Bronze Age Scotland: First Inhabitants, Settlements & Burial Sites

Instructor: Christopher Muscato

Chris has a master's degree in history and teaches at the University of Northern Colorado.

The Bronze Age looked a little different in every part of the world, and Britain is no exception. In this lesson, we'll explore the features of Bronze Age Scotland and see how new technologies changes their societies.

Scotland's Bronze Age

Northern Britain has a long history of engineering and technical innovation. A really, really long history. The technological history of Scotland begins over 12,000 years ago, when the region was first consistently occupied by Stone Age hunters and gathers. Then, around the 25th century BCE, ancient Scottish craftspeople started mining copper and produced their first metal tools. Finally, around 2,100 BCE they learned to mix that copper with tin to create a stronger metal called bronze.

The Scottish Bronze Age lasted from roughly 2,100-750 BCE. A lot changed in this time, and not just the fact that they had bronze tools at their disposal. Bronze Age Scotland became more populated as small Neolithic communities turned into larger villages and cities. Social organization became more complex, and trade routes grew in size and significance. It was a new era in Scotland, brought about by new technological innovations.

Dawn of the Bronze Age

There's a lot of debate about how exactly the Bronze Age began in Britain, which by the late Neolithic was tightly connected via trade routes and other forms of economic and social exchange. Some of the first evidence of metalworking comes from southern Britain, at the Mount Pleasant Henge, but the true introduction of Bronze is generally credited to the Beaker culture.

The Beaker people, named for their characteristic bell-shaped ceramic vessels, are something of an archeological mystery. Evidence of their culture is found across Britain and parts of Western Europe, but their exact origins are unclear. Regardless, their artifacts appeared in Britain in the 22nd century BCE, where they seem to have mined copper and tin along the coast as they moved north from modern-day England into Scotland, bringing bronze technology with them. Perhaps due to their metalworking knowledge, the Beaker people seem to have been accepted peacefully by British cultures; there's even evidence that Beaker craftspeople helped rebuild Stonehenge in this time.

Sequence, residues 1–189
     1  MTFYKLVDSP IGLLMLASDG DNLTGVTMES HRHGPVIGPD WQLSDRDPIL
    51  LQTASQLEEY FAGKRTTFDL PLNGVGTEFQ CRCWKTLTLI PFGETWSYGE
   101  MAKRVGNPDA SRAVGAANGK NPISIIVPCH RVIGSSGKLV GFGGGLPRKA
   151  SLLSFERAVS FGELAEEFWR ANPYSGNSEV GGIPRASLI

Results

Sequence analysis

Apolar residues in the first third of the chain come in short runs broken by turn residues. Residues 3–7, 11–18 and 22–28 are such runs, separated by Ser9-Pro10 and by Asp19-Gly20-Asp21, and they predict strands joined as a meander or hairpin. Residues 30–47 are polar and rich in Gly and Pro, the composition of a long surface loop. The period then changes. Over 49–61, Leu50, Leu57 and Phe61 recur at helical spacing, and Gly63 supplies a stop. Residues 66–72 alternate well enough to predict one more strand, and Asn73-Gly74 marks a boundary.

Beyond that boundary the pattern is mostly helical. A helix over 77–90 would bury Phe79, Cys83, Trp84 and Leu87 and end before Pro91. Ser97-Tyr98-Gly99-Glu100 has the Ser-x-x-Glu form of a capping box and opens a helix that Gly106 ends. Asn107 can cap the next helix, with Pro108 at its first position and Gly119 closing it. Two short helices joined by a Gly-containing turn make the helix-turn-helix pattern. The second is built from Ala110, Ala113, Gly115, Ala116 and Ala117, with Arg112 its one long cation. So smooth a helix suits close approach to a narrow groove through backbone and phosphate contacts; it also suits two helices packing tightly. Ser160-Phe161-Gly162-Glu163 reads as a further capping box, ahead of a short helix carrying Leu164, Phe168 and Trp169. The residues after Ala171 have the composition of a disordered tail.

Bronze and Ancient Scottish Cultures

The development of bronze was significant, letting ancient craftspeople create stronger and better tools. These tools led to advancements in building, pottery, other forms of metalworking, hunting, and warfare. Intriguingly, a few bronze weapons like spearheads have been found from this time period that were covered in gold. Not only are these rare artifacts extremely beautiful for their craftsmanship, but some of the most ancient Celtic myths tell stories of heroes whose weapons were defined by their brilliance and shine. That tradition may be referring to gold-plated weapons like those found in a few places across Britain and Ireland.

Carved stone balls like these are another ubiquitous feature of Bronze Age Scottish sites, but to this day archeologists have no idea what these were used for

Bronze Age Burials

In cultural terms, some of the most significant changes to come with the advent of the Bronze Age were burial practices, which became much more elaborate during the Bronze Age. This is likely an indicator of greater social organization, greater social hierarchies, and more standardized religious and ceremonial practices.

Scottish Bronze Age burials are generally identifiable by cists, stone boxes in the ground where the remains of the dead were interred. Very often, Bronze Age people of Scotland cremated their dead, and then deposited the urn inside the cist. Many cists are also associated with stone mounds called cairns and other forms of funerary monuments including stone circles and markers.

Cairnpapple Henge, a Bronze Age cairn site surrounded by funerary monuments

Bronze Age burials provide some of the bet evidence for the development of social hierarchies in this time period, since burials range in complexity. Some are relatively simple, while the biggest cairns or funerary monuments indicate a person of great importance. We can also see status differentiation in the grave goods found in Bronze Age cists. Wealth Bronze-Age Scots were buried with pottery, bronze weapons, prized stone knives, and bronze and gold jewelry. Some of the best evidence of this comes from the site of Kilmartin Glen, home to some of the most elaborate Bronze-Age burial sites in Scotland.

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